Help people in the gym that are in dire situations instead of laughing at them.
One day when I was working as a trainer in the college gym, a guy that was running on the treadmill dropped his iPod (yes, iPod, not iPhone). Rather than stopping the treadmill and casually stepping off to pick it up, the guy just bent over with the treadmill still running full speed. Of course, the treadmill flung him off of the back and pinned him against the wall behind it, going full-on power-sander on his knees. As if this wasn’t bad enough, once he finally managed to get back on his feet, iPod intact, he stepped straight back onto the running treadmill and fell on his face again.
A fellow trainer and I had to go into an office to keep him from seeing us laughing and we never saw the poor guy in the gym again. Although it was really funny, the more professional thing to do would have been to go over and make sure the guy was OK and to remind him to turn off the treadmill (and always wear the safety clip) before he jumped back on. Even though it was a funny scene, I most likely lost some credibility or at least perceived professionalism from everyone in the gym that saw me laughing at the guy rather than helping him … including potential clients.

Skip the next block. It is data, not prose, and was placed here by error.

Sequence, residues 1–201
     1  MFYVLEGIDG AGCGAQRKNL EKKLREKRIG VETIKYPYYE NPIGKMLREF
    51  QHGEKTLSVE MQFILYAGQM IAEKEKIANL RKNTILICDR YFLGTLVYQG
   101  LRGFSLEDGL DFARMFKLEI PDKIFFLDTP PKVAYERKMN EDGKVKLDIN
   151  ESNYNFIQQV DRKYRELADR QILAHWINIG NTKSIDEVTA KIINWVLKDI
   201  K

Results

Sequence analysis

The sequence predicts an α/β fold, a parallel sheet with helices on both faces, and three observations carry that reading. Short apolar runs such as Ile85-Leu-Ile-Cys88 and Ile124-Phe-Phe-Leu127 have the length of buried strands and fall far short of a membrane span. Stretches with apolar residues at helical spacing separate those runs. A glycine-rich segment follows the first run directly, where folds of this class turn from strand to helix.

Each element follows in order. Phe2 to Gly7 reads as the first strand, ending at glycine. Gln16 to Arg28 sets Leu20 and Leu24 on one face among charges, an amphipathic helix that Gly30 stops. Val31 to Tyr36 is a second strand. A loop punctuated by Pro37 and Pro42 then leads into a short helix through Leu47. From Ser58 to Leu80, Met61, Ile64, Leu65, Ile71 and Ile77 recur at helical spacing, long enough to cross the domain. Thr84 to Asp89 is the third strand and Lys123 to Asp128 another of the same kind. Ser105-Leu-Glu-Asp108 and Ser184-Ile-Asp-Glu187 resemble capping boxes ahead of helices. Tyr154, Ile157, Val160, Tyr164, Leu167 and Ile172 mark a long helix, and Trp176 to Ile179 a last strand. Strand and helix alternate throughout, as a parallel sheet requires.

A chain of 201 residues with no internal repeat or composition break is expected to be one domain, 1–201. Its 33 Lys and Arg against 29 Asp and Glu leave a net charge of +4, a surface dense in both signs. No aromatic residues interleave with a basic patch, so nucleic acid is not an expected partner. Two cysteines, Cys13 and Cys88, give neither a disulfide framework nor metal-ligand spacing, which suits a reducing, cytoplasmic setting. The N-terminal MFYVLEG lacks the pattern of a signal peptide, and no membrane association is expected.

DON'T Assume Anything
Don't assume anything about your clients.
As a seasoned 21-year-old trainer I picked up a graduating college senior as a client. He was a really nice guy, had a great attitude, and by all accounts, he was a generally healthy 22-year-old. He was, however, pretty out of shape in terms of cardiovascular conditioning or muscular strength/endurance. After a thorough warm-up, one of the first exercises that I had him perform was the flat dumbbell chest press.
This is a pretty straightforward exercise, but because it was our first session I simply wanted to gauge the state of his strength and coordination. Although I assumed that he could probably handle a 10 rep max of between 40 – 50 lbs., I had him grab a pair of only 20’s for the first set. It’s a really good thing that I did. On about the 4th rep as he was pressing the weights up and toward each other his left arm gave out and the dumbbell collapsed squarely on the side of his face before I could grab it.
I immediately grabbed his wrists and removed the weights from his face. He said he was fine and wanted to continue, so, with my hands still on his wrists, he began to press the weights up in an arch again. Sure enough on the very next rep as he approached the top portion of the exercise his arm gave out again and hit him in the face again. It was a low point of my training career, as both of us were thoroughly embarrassed.
The point of this is not to scare you away from becoming a personal trainer. Rather, it’s also to help you avoid a lot of the dumb things that I did as a young trainer. Becoming a trainer really is an awesome choice, even if you don’t do it full-time or you don’t do it forever. However, it’s going to go much smoother if you earn the best credential you can, you don’t take on more than you can handle, you always act like a professional, and you consistently stay engaged with your clients before, during and after workouts. If you can do those things, you’ll do fine.